Assessing Comprehension in the Real World

Our world has transitioned from a pen-and-paper to a multimedia experience. Instead of getting our information strictly from encyclopedias and books catalogued on note cards in the public library, we now look to the internet, social media, texts, videos, and online courses for content. What this means for reading is that we do not just need to learn and become fluent in one form of reading presentation, but we must now become proficient across multiple platforms.

According to John Sabatini and Tenaha O’Reilly, though, testing children’s reading ability has remained a primarily linear experience. We present them with a paragraph or two to read and then have them answer multiple-choice questions on a printed page. That may have worked in the past, but it is definitely not the way people read, learn, and process information in this day and age.[1]

These researchers lead a team from the ETS (Educational Testing Service), and they believe there’s a better way to determine if a student possesses the skills necessary to comprehend what they read. It works no matter the format.

“In the real world, when you go to buy a cell phone … you have a goal,” O’Reilly said, and that goal serves as motivation. You want to learn as much as you can about all the different options so you don’t make a wrong choice. “You go on the Internet to compare prices and features, read reviews, and then make a decision,” he added. “That is a different thing than going to a test and answering detailed questions.”

The ETS team is one of six teams funded by the federal Reading for Understanding (RfU) research initiative. This initiative is designed to provide effective strategies for improving reading comprehension for students in grades pre-K–12. It was also created to bring reading assessment and intervention into the real world of the 21st century. Some of the RfU teams are looking at how students learn to read, others are looking at ways to support struggling readers. The ETS research team has spent over five years measuring how well the students in 28 different states read and understand information presented to them in their everyday lives, and they have administered over 100,000 pilot tests to assess performance. Their conclusion is that assessments can provide an opportunity for learning and discovery, not just appear as a numbered or lettered score on a piece of paper.[1]

The team’s assessments require the coordination of different pieces of information to determine an appropriate answer; the answer is usually written as a summary instead of marked as a filled-in bubble on a multiple-choice answer sheet. During some of the trials, students were allowed to search a simulated internet within the testing environment; they then had to determine which information they found was relevant to the answer and which was not, and they had to come up with a plan to structure their written answer. The summary they provided was adequate to demonstrate whether they had read and learned the material.

“We are trying to get assessments to be learning experiences,” O’Reilly said. “We want the test to be worthwhile.”

The team also feels that the best learning happens when students are allowed to make mistakes. They are given the opportunity to learn from these mistakes and correct them. As an example, students may choose an answer as correct but then be presented with additional information. They are asked, given this new material, whether they would like to revise their answer or stay with their original choice. Their ability to make an informed decision demonstrates how well they have understood both the material and the question being asked.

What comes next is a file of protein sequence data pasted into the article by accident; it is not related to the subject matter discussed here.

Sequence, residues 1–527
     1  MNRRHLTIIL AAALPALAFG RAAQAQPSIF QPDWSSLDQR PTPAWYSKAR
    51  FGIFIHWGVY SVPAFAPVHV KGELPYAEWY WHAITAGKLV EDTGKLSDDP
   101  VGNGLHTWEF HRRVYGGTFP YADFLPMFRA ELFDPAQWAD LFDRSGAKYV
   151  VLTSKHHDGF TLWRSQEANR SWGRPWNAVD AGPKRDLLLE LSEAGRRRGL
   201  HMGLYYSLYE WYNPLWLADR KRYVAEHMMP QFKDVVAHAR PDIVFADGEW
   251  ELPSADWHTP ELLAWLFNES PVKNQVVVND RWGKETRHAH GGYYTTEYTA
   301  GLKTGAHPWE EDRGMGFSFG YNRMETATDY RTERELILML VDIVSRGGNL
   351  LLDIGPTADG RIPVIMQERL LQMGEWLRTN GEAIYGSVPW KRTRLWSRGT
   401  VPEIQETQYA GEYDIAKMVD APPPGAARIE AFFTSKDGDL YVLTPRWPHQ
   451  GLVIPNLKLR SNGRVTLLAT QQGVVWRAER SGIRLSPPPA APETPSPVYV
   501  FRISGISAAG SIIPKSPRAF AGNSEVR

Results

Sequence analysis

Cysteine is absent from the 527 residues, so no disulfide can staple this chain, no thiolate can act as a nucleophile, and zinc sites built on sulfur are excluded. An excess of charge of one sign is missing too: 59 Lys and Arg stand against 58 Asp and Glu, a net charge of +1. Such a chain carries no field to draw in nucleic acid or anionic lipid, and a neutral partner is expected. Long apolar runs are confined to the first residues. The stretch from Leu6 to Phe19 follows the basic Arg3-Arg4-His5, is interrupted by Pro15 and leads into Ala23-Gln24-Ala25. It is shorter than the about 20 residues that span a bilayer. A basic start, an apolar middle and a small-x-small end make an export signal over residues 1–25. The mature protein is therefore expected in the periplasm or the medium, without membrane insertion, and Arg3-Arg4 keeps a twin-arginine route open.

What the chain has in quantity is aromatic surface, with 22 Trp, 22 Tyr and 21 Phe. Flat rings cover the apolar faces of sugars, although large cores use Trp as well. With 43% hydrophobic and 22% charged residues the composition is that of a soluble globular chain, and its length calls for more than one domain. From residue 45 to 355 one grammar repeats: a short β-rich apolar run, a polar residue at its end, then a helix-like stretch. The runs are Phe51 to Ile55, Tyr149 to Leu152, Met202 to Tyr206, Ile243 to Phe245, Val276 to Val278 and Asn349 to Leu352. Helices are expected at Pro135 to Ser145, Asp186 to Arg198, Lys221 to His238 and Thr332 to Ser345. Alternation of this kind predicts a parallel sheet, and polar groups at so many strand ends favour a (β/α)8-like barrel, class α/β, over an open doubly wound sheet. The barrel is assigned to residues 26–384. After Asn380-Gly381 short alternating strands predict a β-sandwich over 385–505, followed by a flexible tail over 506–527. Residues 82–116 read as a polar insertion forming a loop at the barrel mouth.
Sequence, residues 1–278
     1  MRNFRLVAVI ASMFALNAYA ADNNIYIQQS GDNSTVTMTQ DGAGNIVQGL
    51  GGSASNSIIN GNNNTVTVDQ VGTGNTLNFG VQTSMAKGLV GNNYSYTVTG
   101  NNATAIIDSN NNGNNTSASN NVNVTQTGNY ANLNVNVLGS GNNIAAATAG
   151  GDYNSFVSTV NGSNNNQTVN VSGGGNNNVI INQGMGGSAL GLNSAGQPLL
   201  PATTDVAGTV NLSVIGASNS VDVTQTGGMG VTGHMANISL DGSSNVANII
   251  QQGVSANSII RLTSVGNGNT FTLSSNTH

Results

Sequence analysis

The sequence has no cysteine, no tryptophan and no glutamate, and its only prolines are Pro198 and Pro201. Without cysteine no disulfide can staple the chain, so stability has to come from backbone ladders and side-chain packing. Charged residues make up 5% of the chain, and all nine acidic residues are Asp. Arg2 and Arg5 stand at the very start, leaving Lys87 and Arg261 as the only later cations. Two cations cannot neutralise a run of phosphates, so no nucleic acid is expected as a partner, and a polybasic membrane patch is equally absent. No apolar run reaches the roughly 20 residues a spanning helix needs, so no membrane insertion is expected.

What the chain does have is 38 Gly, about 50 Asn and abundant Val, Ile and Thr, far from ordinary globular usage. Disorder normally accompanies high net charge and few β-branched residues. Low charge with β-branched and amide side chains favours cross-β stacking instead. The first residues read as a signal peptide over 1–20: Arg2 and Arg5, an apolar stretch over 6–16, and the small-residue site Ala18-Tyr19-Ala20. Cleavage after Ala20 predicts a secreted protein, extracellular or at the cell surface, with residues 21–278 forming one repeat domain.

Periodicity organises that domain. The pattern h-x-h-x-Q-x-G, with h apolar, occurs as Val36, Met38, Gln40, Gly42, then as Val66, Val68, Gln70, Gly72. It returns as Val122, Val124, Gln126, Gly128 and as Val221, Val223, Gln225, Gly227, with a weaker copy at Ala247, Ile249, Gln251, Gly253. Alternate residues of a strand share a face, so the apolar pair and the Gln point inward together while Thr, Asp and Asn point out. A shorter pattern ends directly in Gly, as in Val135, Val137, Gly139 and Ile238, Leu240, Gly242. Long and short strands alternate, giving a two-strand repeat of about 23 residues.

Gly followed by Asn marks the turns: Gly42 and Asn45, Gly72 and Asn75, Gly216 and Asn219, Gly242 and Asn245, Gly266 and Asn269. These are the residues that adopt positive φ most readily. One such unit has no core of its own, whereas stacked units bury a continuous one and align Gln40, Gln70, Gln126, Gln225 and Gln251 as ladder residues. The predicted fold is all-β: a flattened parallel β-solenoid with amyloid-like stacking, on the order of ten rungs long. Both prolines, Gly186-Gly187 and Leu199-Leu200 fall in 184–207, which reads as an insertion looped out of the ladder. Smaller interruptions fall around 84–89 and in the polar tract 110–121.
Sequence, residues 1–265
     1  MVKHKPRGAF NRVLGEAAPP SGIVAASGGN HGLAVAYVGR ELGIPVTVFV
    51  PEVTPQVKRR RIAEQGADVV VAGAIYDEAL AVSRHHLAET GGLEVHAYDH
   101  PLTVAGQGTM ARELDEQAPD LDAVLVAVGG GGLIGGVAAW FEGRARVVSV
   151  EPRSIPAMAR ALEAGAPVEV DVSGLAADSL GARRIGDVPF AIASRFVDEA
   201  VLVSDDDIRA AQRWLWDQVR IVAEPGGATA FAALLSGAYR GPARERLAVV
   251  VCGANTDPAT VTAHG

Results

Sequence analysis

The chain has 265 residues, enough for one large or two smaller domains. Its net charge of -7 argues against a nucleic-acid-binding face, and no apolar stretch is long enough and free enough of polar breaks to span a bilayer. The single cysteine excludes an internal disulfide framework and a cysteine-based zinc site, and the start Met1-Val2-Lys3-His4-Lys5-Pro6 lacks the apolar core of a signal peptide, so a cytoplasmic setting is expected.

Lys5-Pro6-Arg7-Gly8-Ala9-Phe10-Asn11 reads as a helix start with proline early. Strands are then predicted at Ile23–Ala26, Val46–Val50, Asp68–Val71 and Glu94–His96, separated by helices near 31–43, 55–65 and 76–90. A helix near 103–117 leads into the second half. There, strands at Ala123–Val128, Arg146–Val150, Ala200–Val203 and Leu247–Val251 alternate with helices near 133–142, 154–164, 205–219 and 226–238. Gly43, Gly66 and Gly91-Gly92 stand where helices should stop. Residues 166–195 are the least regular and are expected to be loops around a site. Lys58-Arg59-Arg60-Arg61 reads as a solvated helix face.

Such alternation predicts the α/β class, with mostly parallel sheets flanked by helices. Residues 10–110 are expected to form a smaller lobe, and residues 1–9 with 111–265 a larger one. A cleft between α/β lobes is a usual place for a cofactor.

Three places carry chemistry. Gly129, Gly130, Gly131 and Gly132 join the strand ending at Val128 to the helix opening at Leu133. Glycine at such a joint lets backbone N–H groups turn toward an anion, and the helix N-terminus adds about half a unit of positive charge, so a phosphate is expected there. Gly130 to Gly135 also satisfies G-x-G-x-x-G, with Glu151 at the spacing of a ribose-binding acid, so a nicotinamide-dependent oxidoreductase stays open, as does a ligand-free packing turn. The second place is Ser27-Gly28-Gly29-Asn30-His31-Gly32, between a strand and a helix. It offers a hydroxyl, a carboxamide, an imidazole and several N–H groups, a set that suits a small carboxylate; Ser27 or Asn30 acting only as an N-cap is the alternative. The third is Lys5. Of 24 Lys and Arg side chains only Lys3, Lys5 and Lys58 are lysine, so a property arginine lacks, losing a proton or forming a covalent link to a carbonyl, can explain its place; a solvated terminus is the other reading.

Students who struggle with writing a concise and accurate summary may be paired with a virtual peer — someone who can help to guide them during the assessment. Students write their own summary then look at the virtual student’s work. The virtual peer shows the students what needs to be done by presenting an example of how a correct, completed answer should look. This technique is of value, according to Sabatini, because “In the real world you collaborate and work with people. We’ve added simulated students who come in at different points to help you out. This reduces stress and makes the testing experience more social.”

“Everyone makes errors,” O’Reilly added. “But how we recover from those errors really matters.”

While the AceReader program does not allow for written answer responses at this time, it does test students’ ability to infer correct answers by piecing together different facts or statements, and to determine main ideas and patterns of organization through its General (Inference) Test Set. Students who work through this Test Set are expected to go beyond simple rote memorization to produce answers that are based on multiple pieces of information in the text and to draw conclusions from them. Teachers can choose this Test Set as the default for their students if they wish to use this alternative form of assessment. In addition, teachers can upload research text into the Read Mode to promote the type of assessment scenario that the RfU researchers used during their studies.



[1] Bhombal, Manaal. (November 8, 2016.) Texts, Emails, Blogs: Assessing reading comprehension in the real world. Retrieved from

Author: AceReader Blogger

The AceReader blogging team is made up of specialists in a number of different areas: literacy, general education, content development, and educational software. For questions about posts, please submit them in the form below. For suggestions about blog topics, please email them to

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